17. Rice genetic marker database: An identification of single nucleotide ...

    African Journals Online (AJOL)

    based genetic marker system to provide information about SNP and QTL markers in rice. The SNP marker database provides 7,227 SNP markers including location information on chromosomes by using genetic map. It allows users to access a ...

  18. Quantifying the Value of Markers in Screening Programmes

    DEFF Research Database (Denmark)

    Østergaard, Søren Dinesen; Dinesen, Peter Thisted; Foldager, Leslie

    2010-01-01

    Existing methods used to rank the value of individual screening markers in screening programmes are inadequate. We have developed a simple Screening Marker Index: (Screening Marker Index = Positive Predictive Value x Sensitivity). The Screening Marker Index proved to be superior to existing indices...

  19. Molecular markers linked to apomixis in Panicum maximum Jacq.

    African Journals Online (AJOL)

    SAM

    2014-05-28

    May 28, 2014 ... The objective of this work was to identify molecular markers linked to apomixis in ... Four RAPD markers linked to apomixis were identified and mapped in this .... Data analysis. The amplification of the potential markers was analyzed as binary, with 1 for presence and 0 for absence of the marker. The binary.

  20. Biological research for radiation protection

    Energy Technology Data Exchange (ETDEWEB)

    Kim, In Gyu; Kim, Kug Chan; Shim, Hae Won; Oh, Tae Jeong; Park, Seon Young; Lee, Kang Suk

    2000-04-01

    The work scope of Biological research for the radiation protection had contained the search of biological microanalytic methods for assessing the health effect by {gamma}-radiation and toxic agents, the standardization of human T-lymphocyte cell culture and polymerase chain reaction, T-cell clonal assay, and the quantification of mutation frequency in the hypoxanthine (guanine) phosphoribosyl transferase (HPRT) gene locus by single exposure or combined exposure. Especially, the polymerase chain reaction methods using reverse transcriptase has been developed to analyze the mutant gene induced by {gamma}-radiation and chemical (pentachlorophenol) agent exposure, and to investigate the point mutations in the HPRT gene locus of T-lymphocytes. The HPRT T-cell clonal assay revealed that it could not differentiate {gamma}-irradiation from pentachlorophenol, because the frequency of somatic mutations induced by both damaging agents increased in a dose-dependent manner. The analysis of DNA sequence alterations of HPRT mutant clones clearly showed that both damaging agents induced different mutational spectra in the HPRT locus of T-cells. The large deletions, which account for 75 percent of the analyzed mutants, are characteristic mutations induced by {gamma}-irradiation. By contrast, point mutations such as base substitutions and insertion, come up to 97 percent in the case of pentachlorophenol-treated cells. The point mutation frequencies at 190 base pair and 444 base pair positions are 3-6 folds as high as in those at other mutation positions. It may be that these mutation sites are hot spots induced by pentachlorophenol. These results suggest that the HPRT mutation spectrum can be used as a potential bio marker for assessing a specific environmental risk. (author)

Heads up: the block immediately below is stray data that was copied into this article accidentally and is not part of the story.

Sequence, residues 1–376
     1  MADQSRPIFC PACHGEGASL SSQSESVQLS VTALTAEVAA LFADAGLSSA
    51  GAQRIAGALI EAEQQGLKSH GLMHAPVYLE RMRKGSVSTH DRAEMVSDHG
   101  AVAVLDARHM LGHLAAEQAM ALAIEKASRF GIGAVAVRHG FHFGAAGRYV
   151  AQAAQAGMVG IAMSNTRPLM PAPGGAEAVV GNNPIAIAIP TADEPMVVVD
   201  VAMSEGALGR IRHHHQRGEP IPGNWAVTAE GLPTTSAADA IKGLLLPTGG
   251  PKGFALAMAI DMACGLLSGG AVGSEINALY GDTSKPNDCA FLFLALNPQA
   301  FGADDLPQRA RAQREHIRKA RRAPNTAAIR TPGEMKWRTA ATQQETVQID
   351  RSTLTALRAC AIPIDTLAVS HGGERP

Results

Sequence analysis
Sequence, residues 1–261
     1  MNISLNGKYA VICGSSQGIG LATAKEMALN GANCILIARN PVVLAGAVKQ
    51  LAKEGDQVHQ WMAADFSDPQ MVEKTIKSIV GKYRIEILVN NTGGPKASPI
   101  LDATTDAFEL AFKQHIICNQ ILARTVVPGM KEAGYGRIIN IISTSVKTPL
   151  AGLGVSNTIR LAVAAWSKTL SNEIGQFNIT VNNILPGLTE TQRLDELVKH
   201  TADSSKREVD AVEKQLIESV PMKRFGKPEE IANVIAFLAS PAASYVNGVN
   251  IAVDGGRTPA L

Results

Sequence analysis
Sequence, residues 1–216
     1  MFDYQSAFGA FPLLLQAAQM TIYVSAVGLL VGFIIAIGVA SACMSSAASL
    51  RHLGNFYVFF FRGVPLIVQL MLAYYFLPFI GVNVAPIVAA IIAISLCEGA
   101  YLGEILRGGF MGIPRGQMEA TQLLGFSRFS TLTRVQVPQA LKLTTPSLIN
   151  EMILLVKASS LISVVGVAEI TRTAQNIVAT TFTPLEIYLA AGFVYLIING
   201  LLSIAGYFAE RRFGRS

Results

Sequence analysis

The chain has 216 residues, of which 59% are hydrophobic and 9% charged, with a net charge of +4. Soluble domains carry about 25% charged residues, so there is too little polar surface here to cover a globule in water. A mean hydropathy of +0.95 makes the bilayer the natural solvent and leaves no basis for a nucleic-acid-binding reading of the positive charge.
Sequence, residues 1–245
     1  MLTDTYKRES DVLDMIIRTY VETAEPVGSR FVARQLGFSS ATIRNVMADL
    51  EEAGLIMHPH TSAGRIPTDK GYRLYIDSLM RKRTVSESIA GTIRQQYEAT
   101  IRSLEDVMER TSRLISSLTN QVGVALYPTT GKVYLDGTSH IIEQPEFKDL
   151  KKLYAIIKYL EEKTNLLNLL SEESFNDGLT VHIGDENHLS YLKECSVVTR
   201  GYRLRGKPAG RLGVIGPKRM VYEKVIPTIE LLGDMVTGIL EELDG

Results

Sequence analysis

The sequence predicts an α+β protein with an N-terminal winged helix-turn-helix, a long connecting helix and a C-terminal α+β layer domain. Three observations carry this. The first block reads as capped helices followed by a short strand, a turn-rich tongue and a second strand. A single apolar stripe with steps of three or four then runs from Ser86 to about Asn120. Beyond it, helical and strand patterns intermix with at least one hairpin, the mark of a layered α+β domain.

1. Biological research for radiation protection

    International Nuclear Information System (INIS)

    Kim, In Gyu; Kim, Kug Chan; Shim, Hae Won; Oh, Tae Jeong; Park, Seon Young; Lee, Kang Suk

    2000-04-01